Schumer Waning, AOC Waxing in Possible Primary Showdown

Two sure signs that the 2022 mid-term campaigning has begun: candidates’ television spots are bombarding viewers, and the Capitol Hill rumor mill is grinding away. One of the most intriguing bits of gossip is that New York Rep. Alexandria Ocasio-Cortez may challenge Senate Majority leader Chuck Schumer this year, or wait until 2024 to take on the more vulnerable, ineffective Sen. Kirsten Gillibrand.

Ocasio-Cortez versus Schumer would present a fascinating match up, a media dream come true, with the upstart second-term representative having little to lose. First, consider that Ocasio-Cortez has experience in toppling the Democratic establishment. In the 2018 primary, Ocasio-Cortez drubbed 20-year congressional veteran and incumbent Joe Crowley, then the House Democratic Caucus chairman, the fourth ranking Democrat and a favorite to become Speaker.

Ocasio-Cortez, a member of the Democratic Socialists of America, won 57 percent of the vote. Her winning campaign four years ago could foreshadow trouble for Schumer as the message she’d send to New Yorkers would highlight the differences between the incumbent and her. Ocasio-Cortez repeatedly said that upset wins like hers represent what happens when people vote… “they had the money, we had people.”

For Ocasio-Cortez, Schumer represents an inviting target, should she choose to seek the Senate. In 2018, she ran as a woman, a young person, a working-class champion, a fresh face, an unabashed liberal and a person of color. Schumer is male, old, elitist and white. Along the campaign trail, Ocasio-Cortez piled up endorsements from national progressive groups that would elude Schumer.

Few in the Senate are more establishment than Schumer, best friend to Wall Street and Silicon Valley. Schumer’s only jobs since he graduated from Harvard Law School have been in government, and he’s become a powerful, but overly familiar, not particularly admired, boring, dour, staid figure in New York politics for nearly 50 years. First in the State Assembly in 1975, the U.S. House from 1981 to 1999, and the U.S. Senate from 1999 through today, Schumer is yesterday’s news.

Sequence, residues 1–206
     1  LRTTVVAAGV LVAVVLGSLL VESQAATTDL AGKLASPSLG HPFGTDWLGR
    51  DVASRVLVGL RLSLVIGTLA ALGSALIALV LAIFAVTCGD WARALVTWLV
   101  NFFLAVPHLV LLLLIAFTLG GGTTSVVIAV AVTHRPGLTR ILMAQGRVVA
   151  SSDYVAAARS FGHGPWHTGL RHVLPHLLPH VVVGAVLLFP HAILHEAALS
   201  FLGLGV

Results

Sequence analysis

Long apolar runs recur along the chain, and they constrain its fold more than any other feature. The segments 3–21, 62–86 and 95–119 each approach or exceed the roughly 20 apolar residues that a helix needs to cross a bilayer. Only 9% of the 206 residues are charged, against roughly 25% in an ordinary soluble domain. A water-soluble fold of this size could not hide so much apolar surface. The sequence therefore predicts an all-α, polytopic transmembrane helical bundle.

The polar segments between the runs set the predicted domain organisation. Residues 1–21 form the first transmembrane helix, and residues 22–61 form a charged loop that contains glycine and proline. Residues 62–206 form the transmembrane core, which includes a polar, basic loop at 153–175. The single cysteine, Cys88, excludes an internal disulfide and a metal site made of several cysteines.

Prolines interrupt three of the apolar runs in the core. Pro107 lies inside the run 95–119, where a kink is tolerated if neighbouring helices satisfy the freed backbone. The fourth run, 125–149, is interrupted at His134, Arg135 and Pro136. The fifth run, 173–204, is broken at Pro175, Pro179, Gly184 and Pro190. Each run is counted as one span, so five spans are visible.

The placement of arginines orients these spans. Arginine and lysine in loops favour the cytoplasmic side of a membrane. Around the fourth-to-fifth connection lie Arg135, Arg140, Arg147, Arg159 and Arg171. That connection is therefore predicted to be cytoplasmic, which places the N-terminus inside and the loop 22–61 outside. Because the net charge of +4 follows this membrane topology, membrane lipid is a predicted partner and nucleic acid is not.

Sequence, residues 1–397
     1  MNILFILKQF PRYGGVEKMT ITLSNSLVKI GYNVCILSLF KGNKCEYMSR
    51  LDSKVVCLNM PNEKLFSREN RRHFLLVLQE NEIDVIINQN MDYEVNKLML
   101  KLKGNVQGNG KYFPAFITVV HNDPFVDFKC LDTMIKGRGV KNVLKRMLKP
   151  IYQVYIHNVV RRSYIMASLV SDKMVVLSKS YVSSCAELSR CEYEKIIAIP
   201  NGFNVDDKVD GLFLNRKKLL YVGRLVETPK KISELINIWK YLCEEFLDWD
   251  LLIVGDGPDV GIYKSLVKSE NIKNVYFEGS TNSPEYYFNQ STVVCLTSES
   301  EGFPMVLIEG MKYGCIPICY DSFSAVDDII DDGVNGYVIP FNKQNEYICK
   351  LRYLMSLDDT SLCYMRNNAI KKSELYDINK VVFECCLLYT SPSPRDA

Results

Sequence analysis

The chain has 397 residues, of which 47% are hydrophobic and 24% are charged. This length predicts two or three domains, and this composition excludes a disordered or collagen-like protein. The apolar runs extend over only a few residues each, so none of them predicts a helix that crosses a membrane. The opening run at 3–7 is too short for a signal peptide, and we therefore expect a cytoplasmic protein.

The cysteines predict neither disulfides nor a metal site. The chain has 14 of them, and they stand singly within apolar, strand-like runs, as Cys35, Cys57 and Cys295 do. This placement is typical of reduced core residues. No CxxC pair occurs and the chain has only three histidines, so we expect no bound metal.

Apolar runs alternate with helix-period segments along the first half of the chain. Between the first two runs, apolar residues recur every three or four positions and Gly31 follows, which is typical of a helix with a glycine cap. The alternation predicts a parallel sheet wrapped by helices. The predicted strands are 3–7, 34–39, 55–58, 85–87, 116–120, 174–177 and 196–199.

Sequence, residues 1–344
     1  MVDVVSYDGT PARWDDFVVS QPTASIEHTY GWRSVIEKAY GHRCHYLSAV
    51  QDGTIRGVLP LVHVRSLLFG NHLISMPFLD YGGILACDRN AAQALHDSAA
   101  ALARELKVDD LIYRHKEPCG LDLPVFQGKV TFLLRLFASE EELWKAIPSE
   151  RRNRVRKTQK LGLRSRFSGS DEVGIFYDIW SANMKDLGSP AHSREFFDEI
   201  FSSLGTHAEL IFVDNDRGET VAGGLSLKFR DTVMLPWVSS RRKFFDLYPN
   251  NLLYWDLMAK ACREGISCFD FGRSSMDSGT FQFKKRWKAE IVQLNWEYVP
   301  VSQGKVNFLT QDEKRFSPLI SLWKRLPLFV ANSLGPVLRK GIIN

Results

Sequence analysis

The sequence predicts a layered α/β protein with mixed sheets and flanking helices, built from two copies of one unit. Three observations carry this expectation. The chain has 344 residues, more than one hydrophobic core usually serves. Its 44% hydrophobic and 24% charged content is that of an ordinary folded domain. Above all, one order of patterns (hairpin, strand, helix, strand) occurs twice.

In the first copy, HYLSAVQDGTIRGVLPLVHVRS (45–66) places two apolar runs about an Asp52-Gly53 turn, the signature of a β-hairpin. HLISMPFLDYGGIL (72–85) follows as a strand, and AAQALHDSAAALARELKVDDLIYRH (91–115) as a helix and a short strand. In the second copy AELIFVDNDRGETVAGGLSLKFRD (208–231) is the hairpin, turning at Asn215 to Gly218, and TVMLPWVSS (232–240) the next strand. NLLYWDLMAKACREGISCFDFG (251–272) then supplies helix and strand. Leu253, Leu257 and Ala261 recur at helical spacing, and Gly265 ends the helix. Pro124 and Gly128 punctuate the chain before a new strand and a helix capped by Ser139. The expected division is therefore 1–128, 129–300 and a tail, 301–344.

On Election Day 2022, Schumer will be two weeks shy of 72; Ocasio-Cortez, 33. The woke vote, the 5 million or so New Yorkers between the ages of 18 to 34, and the fed-up vote would go overwhelmingly to Ocasio-Cortez who knows how to reach younger people through social media and her 13 million Twitter followers. Schumer’s Twitter followers, on the other hand, are 40,000.

Schumer’s approval ratings are the second lowest of his senate career, with only 41 percent of his constituents giving him an “excellent” or “good” score, and 29 percent rating him as “poor.” The polling results have more bad news for Schumer. Among Ocasio-Cortez’s key youthful voters, 58 percent said Schumer was doing a “poor” or, at best, “fair” job.

The next move is Ocasio-Cortez’s. She’s been coy about her intentions, and when questioned directly about challenging Schumer, she’s responded evasively. Ocasio-Cortez’s pat answer is that she hasn’t considered a Senate run, but she hasn’t ruled it out either. “We shall see” is her favorite dodge. Much of Ocasio-Cortez’s future may depend on Schumer’s ability to bring home President Biden’s major legislative agenda, currently badly stalled. Whether Schumer retains his seat, or Ocasio-Cortez upends him, the legislative vote tally will be unchanged. Both are reliably left, and can be counted on to vote straight progressive on social issues.

Ocasio-Cortez’s emergence into the national spotlight and her visibility as a viable U.S. Senate candidate show how dramatically New York’s politics have shifted in just two and a half decades. Within living memory, Republican Gov. George Pataki served three consecutive terms, 1995 to 2006, and defeated incumbent Democrat Mario Cuomo to win his first gubernatorial race. Conservative Sen. Alfonse D’Amato preceded Schumer. Gillibrand, when she served in the U.S. House from 2006 to 2008, was a blue dog Democrat who opposed a 2007 state-level proposal to issue driver’s licenses to illegal immigrants and voted for legislation that would withhold federal funds from sanctuary cities harboring illegal aliens. Once the junior senator came under Schumer’s wing, however, she voted the straight Democratic party line on immigration.

Ocasio-Cortez covets higher political office and has demonstrated the wherewithal to achieve her goals. Some analysts speculate that Ocasio-Cortez will skip a Senate run, and make a presidential bid in 2024. A look at the 24 failed 2020 Democratic candidates makes her run appear possible, if not probable.

In politics, the nine months between today and November 8 are an eternity. Among other Democratic failures on crime, education, affordable housing and COVID-19, New York voters may have grown tired of illegal aliens, including underage migrants, being flown, under cover of darkness, from the Southwest border into their state where they will become taxpayers’ burdens.

A change is coming to New York’s U.S. Senate representation. The question that will face voters is whether the change will represent an improvement in their lives or another step backward toward full-on California status.

Joe Guzzardi writes about immigration issues and impacts.

--

--

Get the Medium app

A button that says 'Download on the App Store', and if clicked it will lead you to the iOS App store
A button that says 'Get it on, Google Play', and if clicked it will lead you to the Google Play store
Joe Guzzardi

Joe Guzzardi

Syndicated columnist Joe Guzzardi writes about immigration issues and American baseball history. Twitter @JoeGuzzardi19